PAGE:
by Tom Rau
|Great Lakes harbor mouths, river
channels, bays and connecting lakes draw
hundreds of boaters to fireworks events.
Pictured is the Grand Haven, Michigan River
Channel alive with boaters awaiting the
annual Coast Guard Festival fireworks
extravaganza. Photo, Marge Beaver/Tom Rau
Great Lakes local waterfront communities will be
hosting firework events. In order to maintain a high
level of safety that these events demand, Coast
Guard crews along with local marine law enforcement
agencies will be out in force. Boaters can play a
large part in assisting law enforcement officials
during waterfront events by adhering to the
following safety guide lines.
should keep within safety buoys and avoid transiting
across security zones that are in place to create
separation between the fireworks platform and
zones require up to a 1000-foot distance between
spectator boats and the fireworks platform.
Authorities will delay the fireworks until all
boaters are in compliance. In those cases where a
river channel is temporarily shut down due to
fireworks, such as when the fireworks platform is
located near a harbor mouth, boaters will be
notified in advance on marine radio (VHF-FM Channel
22) and Local Notice to Mariners of the channel
closure and times. For those occasional late-comers,
channel-closing times will be strictly enforced so
the show may begin on time.
attending events after dusk are required to display
proper running lights, and if anchored, the proper
anchor light. Marine officials will send boaters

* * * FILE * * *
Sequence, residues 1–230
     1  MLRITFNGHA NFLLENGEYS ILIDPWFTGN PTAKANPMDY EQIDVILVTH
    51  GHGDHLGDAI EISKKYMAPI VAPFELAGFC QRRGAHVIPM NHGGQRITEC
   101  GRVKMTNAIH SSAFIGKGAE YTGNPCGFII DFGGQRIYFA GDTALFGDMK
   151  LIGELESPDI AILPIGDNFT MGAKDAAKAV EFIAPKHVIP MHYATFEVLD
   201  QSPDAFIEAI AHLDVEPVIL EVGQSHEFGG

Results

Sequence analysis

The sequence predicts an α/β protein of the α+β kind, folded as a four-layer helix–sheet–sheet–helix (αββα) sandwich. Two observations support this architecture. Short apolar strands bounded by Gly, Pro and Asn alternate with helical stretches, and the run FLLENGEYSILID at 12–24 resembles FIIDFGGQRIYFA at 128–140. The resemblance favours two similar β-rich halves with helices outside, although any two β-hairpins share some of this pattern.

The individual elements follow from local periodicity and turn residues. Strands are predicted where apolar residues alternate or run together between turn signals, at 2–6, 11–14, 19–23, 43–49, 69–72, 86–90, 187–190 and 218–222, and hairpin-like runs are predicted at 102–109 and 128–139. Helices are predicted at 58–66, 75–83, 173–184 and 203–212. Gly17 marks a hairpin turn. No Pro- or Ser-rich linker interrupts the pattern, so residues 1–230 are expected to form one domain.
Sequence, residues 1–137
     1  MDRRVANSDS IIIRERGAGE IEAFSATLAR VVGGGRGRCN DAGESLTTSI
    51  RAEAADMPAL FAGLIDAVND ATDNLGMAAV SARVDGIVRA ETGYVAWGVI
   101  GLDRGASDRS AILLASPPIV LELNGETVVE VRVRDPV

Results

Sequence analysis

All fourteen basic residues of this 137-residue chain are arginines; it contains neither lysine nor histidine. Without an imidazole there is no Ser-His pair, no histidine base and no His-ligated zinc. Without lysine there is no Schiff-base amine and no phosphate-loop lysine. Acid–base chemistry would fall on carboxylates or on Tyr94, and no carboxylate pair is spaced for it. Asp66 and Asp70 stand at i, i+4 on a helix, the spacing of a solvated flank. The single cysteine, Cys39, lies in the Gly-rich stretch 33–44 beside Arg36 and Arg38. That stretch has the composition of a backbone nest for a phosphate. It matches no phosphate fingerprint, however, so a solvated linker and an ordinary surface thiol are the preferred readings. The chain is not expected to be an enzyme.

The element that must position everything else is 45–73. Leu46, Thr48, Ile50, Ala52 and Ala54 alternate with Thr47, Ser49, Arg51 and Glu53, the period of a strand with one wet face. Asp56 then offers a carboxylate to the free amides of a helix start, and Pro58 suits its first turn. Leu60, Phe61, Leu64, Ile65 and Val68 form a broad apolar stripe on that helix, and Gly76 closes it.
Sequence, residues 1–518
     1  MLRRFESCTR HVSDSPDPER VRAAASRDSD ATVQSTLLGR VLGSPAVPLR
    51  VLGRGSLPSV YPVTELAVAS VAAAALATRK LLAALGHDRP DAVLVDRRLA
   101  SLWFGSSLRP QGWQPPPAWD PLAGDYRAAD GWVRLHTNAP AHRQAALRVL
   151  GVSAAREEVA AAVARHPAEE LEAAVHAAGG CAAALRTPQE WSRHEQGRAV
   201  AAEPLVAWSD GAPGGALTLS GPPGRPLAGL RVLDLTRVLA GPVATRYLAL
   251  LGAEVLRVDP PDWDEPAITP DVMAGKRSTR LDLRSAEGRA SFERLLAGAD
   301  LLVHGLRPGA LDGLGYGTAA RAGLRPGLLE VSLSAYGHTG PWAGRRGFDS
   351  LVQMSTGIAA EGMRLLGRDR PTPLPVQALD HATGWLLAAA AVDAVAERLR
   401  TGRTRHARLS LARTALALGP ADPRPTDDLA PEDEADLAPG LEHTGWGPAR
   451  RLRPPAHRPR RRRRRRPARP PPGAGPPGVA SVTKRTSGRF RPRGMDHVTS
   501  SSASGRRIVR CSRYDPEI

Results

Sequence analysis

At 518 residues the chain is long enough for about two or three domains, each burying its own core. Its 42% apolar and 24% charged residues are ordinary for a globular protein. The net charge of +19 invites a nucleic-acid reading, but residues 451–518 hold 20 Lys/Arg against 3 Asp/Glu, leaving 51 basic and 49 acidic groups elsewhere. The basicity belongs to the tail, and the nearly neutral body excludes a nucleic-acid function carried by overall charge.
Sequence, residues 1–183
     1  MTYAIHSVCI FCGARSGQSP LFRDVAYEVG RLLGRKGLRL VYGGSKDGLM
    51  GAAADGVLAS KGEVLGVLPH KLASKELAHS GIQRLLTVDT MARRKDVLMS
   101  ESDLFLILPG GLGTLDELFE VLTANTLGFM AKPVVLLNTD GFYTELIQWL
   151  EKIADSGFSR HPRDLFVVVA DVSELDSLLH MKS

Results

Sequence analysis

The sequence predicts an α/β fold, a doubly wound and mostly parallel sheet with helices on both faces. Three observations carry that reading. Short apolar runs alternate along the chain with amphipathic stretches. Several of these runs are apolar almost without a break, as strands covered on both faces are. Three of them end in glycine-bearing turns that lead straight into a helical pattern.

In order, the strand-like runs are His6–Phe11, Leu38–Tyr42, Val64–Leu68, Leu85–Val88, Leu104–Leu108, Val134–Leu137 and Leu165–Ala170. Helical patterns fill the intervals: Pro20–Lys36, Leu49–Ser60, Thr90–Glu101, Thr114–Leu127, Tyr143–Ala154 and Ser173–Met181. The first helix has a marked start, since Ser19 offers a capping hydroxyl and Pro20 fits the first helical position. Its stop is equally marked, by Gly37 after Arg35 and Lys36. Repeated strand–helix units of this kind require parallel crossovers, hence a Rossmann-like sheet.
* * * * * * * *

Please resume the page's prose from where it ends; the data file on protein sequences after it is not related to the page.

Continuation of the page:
back to their moorings if they fail to display
proper navigation lights. Boaters should remember to
fully charge batteries; a low battery may prevent
engine start, which could find the boater adrift in
the dark amongst heavy boating traffic.
years, I’ve often seen boaters transiting a
congested channel at night with their stern light
covered with gear. This is a good way to get run
down from behind. Keep that stern light clear and
keep extra bulbs aboard.
mouths and in dark river channels, post a forward
lookout. You just might come upon a boater with a
dead battery. Keep a flash light nearby, which can
also be handy for disabled and adrift boaters to
flash their presence.
operate at a safe speed. After larger events, Great
Lakes harbor mouths, river channels, and nearby
lakes can swarm with boaters. I’ve patrolled many of
these waters and know that dark waters can make
navigation treacherous. Operate at a safe speed, and
to repeat: post a forward lookout.
importance: Enjoy the event and be assured the
safest way home is the Boat Smart way.
Tom Rau is a long-time Coast Guard rescue
responder and syndicated boating safety columnist.
Look for his book, Boat Smart Chronicles,
a shocking expose on recreational boating — reads
like a great ship’s log spanning over two decades.
It’s available to order at: www.boatsmart.net,
www.seaworthy.com, www.amazon.com, or
through local bookstores.